Taddy scored on the half-hour as Carl Stewart headed in from a corner and their small pocket of supporters at the far end of the stand went ballistic as though they had, well not won the cup, but sniffed a giantkilling. The players were naturally delighted - they’d probably been promised a lifetime’s supply of bitter or something. It was 1-0 at the break but miraculous that Halifax hadn’t scored. They created chance after chance - a dark blue wave - but Taddy goalkeeper Arran Reid was inspired, saving not only from Halifax attackers but also the defenders who often seemed determined to put the ball past him. 
The natives were angry at the turnaround. One took it upon himself to bellow his thoughts down a megaphone from the centre of the main stand which was pretty hilarious. Would hate to have a season ticket in front of him. At one point, the megaphone started playing pre-recorded chants like a ringtone on a nineties mobile phone. The atmosphere was pretty subdued throughout but that was a bit extreme.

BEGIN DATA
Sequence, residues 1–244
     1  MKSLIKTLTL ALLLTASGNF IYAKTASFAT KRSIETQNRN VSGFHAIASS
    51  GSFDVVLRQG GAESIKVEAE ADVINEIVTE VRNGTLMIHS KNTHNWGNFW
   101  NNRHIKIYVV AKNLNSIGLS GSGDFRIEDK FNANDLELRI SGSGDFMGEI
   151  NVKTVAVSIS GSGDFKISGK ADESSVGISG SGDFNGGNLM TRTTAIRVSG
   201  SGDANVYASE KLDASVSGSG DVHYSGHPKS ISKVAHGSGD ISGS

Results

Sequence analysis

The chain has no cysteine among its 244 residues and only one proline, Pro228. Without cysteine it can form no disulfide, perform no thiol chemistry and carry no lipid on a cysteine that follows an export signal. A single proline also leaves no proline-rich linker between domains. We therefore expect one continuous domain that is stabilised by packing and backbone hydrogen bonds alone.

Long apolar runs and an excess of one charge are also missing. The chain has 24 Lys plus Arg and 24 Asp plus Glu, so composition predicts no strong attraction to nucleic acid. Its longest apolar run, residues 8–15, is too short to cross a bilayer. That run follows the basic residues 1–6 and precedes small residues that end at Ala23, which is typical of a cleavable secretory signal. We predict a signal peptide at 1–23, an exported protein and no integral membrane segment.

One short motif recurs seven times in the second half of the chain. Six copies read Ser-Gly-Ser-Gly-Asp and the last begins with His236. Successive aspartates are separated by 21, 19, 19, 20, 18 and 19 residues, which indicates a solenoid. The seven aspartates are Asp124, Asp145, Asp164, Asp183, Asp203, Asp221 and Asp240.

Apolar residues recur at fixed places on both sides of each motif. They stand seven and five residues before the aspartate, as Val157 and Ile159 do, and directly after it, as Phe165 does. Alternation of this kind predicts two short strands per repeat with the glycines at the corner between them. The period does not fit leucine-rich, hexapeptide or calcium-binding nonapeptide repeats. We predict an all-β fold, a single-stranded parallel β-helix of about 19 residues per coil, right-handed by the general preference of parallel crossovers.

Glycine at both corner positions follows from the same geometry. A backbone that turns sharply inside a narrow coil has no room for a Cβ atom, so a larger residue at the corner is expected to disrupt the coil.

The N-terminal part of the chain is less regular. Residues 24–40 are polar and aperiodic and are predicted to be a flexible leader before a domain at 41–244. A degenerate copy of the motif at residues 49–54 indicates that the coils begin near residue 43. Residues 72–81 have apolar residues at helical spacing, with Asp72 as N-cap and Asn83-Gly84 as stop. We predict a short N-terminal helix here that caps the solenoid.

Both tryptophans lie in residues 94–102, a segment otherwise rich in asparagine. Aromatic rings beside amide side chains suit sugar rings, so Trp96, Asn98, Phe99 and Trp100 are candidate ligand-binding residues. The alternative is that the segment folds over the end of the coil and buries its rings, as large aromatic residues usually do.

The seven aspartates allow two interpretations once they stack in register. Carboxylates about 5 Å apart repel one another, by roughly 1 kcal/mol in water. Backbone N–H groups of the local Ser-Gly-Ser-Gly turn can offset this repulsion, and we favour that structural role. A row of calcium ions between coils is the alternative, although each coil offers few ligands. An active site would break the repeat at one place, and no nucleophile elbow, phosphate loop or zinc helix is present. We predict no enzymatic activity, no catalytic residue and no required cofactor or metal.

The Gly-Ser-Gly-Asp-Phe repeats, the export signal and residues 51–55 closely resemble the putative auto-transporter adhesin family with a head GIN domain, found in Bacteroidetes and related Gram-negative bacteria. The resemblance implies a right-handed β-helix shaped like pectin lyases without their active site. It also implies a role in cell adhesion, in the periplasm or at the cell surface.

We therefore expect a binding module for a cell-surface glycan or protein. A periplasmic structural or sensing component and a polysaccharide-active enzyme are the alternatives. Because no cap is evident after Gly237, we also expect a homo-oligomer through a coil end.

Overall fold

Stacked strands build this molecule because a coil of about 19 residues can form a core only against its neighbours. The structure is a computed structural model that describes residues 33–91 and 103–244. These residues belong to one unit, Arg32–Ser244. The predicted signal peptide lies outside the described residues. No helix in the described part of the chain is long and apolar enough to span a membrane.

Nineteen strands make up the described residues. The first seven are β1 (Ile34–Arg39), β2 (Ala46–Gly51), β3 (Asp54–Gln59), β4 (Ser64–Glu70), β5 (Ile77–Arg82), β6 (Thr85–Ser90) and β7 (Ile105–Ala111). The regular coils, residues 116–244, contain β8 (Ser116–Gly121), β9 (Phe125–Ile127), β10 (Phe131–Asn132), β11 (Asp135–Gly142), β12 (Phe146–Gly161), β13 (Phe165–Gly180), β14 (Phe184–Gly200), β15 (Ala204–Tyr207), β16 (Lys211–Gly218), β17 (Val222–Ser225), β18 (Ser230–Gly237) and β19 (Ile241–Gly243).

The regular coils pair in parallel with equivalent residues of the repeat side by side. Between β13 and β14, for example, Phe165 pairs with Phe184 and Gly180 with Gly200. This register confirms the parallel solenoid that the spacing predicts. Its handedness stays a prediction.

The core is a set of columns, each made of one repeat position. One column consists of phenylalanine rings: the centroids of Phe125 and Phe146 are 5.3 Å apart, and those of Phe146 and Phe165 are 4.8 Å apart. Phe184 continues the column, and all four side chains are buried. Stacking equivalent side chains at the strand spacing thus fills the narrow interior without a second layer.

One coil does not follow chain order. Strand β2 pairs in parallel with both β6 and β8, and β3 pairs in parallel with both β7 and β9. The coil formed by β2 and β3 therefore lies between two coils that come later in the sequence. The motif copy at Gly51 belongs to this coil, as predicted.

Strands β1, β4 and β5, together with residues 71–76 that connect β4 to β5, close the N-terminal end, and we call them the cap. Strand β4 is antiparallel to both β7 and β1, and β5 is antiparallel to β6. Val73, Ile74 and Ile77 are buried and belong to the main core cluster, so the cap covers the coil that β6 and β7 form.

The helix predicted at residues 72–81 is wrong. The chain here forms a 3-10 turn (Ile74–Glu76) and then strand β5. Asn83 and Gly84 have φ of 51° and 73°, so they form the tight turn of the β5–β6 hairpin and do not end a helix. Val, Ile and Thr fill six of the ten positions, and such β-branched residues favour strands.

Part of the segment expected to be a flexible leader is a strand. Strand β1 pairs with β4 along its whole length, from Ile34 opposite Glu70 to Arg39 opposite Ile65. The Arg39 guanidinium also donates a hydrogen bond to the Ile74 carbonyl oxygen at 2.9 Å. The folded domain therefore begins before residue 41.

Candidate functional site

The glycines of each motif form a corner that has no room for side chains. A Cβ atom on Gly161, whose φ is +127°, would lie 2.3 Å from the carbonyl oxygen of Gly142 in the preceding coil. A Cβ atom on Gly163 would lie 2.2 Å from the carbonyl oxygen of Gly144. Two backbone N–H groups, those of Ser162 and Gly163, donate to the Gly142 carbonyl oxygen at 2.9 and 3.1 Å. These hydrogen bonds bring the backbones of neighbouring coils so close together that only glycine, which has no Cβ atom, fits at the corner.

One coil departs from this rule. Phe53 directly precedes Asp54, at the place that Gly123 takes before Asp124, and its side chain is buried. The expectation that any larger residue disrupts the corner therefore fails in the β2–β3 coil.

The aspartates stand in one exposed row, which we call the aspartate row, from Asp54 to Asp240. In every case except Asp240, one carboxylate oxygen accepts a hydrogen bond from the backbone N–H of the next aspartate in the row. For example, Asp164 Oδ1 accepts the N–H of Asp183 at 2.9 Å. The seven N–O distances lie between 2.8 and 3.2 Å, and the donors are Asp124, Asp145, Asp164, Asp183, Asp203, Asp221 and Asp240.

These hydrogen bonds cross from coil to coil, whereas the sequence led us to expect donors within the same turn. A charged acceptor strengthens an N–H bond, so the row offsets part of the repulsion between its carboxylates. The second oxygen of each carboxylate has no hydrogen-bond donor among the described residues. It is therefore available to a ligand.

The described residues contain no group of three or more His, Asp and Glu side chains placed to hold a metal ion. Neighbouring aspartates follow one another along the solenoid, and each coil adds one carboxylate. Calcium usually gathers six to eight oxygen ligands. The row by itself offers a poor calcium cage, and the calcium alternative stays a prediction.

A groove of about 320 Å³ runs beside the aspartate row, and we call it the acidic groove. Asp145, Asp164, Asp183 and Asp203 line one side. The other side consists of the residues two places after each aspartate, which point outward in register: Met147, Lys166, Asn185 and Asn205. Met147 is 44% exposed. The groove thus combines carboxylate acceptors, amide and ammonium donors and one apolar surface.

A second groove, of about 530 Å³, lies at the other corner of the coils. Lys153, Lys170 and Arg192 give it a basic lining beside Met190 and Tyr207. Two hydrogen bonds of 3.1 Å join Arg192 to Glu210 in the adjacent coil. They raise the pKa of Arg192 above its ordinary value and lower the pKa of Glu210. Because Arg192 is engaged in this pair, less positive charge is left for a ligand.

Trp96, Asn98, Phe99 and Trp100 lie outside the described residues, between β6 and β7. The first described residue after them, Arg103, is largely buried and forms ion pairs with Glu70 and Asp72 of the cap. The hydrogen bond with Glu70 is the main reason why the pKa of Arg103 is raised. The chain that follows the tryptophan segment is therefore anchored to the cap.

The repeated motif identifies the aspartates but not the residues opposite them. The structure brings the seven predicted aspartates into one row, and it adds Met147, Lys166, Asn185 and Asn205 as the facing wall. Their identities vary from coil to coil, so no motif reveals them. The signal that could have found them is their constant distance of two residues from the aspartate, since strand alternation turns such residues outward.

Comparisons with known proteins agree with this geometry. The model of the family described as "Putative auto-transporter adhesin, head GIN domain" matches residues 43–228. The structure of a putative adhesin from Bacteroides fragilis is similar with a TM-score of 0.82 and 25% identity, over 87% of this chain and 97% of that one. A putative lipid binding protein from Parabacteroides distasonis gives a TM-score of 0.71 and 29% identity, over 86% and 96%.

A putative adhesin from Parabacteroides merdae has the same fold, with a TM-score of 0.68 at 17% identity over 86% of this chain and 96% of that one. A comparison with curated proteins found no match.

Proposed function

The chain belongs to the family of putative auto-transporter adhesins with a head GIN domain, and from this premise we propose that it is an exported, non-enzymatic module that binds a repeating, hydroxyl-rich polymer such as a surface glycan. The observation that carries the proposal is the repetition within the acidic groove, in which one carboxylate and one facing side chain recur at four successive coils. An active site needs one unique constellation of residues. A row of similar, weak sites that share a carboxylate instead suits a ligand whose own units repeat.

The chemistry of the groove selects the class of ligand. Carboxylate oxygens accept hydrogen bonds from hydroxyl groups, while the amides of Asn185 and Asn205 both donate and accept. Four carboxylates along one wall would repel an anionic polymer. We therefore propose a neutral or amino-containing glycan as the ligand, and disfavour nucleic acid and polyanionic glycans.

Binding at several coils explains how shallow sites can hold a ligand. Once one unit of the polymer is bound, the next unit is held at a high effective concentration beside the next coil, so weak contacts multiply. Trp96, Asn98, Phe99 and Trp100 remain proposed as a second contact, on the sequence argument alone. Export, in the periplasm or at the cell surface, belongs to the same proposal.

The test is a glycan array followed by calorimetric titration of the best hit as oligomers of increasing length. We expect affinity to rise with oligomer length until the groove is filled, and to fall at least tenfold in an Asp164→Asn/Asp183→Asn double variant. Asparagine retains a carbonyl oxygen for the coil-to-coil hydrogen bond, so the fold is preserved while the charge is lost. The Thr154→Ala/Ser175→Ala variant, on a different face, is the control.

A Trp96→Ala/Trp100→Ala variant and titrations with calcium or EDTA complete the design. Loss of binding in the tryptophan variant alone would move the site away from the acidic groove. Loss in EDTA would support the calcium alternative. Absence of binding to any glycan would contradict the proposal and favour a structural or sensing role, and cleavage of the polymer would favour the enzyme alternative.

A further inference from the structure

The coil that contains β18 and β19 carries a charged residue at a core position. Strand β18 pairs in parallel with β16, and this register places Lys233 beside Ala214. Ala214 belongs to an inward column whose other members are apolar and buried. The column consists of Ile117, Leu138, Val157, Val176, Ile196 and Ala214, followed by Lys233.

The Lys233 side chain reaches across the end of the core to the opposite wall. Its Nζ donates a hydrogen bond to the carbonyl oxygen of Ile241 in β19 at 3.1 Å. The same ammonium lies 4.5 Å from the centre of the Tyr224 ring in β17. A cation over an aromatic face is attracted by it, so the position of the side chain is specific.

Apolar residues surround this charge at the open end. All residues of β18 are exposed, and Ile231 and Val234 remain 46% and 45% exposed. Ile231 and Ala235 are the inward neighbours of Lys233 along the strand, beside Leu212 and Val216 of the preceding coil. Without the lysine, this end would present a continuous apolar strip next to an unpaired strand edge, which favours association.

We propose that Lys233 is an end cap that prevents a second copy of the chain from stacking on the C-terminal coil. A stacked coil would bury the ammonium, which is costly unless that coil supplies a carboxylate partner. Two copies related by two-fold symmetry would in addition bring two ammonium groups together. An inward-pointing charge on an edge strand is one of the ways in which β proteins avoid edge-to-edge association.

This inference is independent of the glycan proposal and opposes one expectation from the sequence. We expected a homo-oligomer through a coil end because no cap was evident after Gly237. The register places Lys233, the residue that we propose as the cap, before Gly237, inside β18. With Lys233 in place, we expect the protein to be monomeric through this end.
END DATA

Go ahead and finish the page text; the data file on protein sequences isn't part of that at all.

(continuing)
The second-half wasn’t much better for Halifax and, with every scuffed shot or cross hacked clear by Taddy’s  heroic defence, you sensed that they might hold on to the slender advantage. I had visions of the Emirates-inspired ‘We Believe in Neil’ (Aspin, the manager) banner in front of me, obviously the manager’s personal barometer of fan sentiment positioned as it was right behind the home dugout, being unceremoniously ripped down as the cup dream fizzled out. 
Sadly, it wasn’t necessary. With nine to play, and the brilliant sunshine finally fading, sub James Dean soared above some leaden-legged Taddy defenders to equalise. Still, a replay seemed the likely, and fairest, result until the hosts won another corner, their 22nd of the game, in the 93rd minute. It unfolded in torturous slow motion - Holsgrove for once got the ball out of his feet and crossed, Scott McManus steamed in, connected sweetly with his noggin and killed the Tadcaster dream. 
I couldn’t even summon the energy to applaud. Unlucky Taddy.
Next Match: Boston had a similarly frustrating afternoon, being held 0-0 at home by Kidsgrove Athletic, so the replay on Tuesday night is the next target.